STUDY: Coronavirus lived on Diamond Princess cruise ship for up to 17 days, CDC says

Fox News reports a new study done by the Centers for Disease Control and Prevention (CDC) notes that the coronavirus lived for up to 17 days on the Diamond Princess cruise ship, significantly longer than previous studies have suggested.

The CDC research, published on March 23, notes that the virus was identified on a number of surfaces in symptomatic and asymptomatic persons, long after they had been emptied.

“A high proportion of asymptomatic infections could partially explain the high attack rate among cruise ship passengers and crew,” the researchers wrote. “SARS-CoV-2 RNA was identified on a variety of surfaces in cabins of both symptomatic and asymptomatic infected passengers up to 17 days after cabins were vacated on the Diamond Princess but before disinfection procedures had been conducted.”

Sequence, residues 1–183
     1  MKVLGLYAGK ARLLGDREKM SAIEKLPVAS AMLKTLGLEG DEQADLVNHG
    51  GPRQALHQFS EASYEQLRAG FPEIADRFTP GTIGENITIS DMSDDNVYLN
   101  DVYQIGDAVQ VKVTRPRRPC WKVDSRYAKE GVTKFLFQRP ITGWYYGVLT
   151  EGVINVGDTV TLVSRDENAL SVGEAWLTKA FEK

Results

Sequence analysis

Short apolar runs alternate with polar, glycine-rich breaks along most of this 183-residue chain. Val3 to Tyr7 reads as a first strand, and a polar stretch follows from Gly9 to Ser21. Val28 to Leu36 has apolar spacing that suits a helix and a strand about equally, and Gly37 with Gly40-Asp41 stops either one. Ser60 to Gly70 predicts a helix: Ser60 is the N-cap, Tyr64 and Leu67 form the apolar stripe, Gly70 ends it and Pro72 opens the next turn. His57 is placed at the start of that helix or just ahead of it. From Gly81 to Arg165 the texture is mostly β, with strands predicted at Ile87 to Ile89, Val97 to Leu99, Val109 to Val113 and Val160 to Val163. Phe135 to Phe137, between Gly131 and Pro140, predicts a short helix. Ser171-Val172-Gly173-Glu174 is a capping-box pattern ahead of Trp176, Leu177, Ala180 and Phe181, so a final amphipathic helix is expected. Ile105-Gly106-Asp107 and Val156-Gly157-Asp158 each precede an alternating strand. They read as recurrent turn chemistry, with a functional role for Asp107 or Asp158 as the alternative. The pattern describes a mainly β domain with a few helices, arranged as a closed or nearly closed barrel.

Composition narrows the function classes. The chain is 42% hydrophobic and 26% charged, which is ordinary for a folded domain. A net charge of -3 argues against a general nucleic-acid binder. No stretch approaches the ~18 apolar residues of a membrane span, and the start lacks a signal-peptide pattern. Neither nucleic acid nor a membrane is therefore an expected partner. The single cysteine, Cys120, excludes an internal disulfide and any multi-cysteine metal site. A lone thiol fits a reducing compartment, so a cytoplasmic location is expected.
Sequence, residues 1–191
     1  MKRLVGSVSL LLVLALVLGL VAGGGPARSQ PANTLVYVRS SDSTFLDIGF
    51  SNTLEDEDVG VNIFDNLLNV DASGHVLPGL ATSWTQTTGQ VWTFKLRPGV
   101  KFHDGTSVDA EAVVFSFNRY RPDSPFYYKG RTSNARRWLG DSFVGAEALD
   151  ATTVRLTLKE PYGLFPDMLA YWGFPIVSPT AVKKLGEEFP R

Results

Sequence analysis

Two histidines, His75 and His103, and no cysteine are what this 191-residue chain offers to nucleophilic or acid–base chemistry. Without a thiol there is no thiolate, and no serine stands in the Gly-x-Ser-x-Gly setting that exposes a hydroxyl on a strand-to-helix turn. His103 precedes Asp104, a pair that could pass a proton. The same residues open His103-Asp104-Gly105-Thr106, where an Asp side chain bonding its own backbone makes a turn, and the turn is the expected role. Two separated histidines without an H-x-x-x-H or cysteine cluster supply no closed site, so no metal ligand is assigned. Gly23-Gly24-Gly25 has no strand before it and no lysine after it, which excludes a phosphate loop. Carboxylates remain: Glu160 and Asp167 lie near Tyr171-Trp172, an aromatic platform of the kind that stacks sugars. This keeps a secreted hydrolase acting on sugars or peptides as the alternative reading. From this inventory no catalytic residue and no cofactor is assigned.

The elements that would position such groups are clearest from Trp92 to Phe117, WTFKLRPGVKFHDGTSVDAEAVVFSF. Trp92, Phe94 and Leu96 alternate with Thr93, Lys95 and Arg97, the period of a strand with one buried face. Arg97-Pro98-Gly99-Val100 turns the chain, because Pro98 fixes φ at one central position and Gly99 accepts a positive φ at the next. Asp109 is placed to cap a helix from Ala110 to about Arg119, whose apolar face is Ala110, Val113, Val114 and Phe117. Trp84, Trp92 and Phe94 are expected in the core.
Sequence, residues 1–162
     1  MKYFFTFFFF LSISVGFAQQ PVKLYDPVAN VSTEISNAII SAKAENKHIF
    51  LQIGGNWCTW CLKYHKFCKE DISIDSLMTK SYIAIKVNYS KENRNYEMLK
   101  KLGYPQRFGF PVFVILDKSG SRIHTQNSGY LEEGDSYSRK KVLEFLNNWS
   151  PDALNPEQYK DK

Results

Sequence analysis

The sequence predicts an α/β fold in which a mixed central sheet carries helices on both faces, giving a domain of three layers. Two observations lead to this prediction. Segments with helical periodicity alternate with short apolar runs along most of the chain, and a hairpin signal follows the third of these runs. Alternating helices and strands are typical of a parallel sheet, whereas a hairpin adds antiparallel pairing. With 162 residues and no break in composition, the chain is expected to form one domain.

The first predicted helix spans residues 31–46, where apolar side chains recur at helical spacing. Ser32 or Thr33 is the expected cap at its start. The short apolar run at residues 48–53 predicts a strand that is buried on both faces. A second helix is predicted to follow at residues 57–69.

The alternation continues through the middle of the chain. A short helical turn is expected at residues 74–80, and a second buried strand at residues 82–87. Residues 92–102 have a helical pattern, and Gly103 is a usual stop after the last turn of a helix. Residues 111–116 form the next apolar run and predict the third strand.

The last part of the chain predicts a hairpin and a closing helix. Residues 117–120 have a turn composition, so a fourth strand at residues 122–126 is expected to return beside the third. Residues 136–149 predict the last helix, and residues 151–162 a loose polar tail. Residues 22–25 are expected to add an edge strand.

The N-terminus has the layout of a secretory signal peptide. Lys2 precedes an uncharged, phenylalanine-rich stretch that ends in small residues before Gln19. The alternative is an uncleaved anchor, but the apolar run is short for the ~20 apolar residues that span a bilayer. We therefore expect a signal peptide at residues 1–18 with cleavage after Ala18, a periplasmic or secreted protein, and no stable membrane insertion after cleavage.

Two cruise ships were included in the study, the Diamond Princess and the Grand Princess. Both ships accounted for “more than 800 total COVID-19 cases, including 10 deaths,” the researchers noted. At the time, the two ships accounted for “approximately 17 [percent] of total reported U.S. cases.”

By March 17, there were confirmed COVID-19 cases “associated with at least 25 additional cruise ship voyages,” the researchers stated.

The experts added that the data cannot “be used to determine whether transmission occurred from contaminated surfaces,” but “further study of fomite transmission of SARS-CoV-2 aboard cruise ships is warranted.”

The implications of the study are far-reaching, the experts explained, noting that “outbreaks of COVID-19 on cruise ships pose a risk for rapid spread of disease beyond the voyage,” adding that “[a]ggressive efforts are required to contain spread.”

Earlier this month, researchers found that the novel coronavirus COVID-19 can remain in the air for up to three hours, and live on surfaces such as plastic and stainless steel for up to three days.

The study, which has not been peer-reviewed yet, also notes that the virus can remain on copper surfaces for four hours and cardboard for up to 24 hours.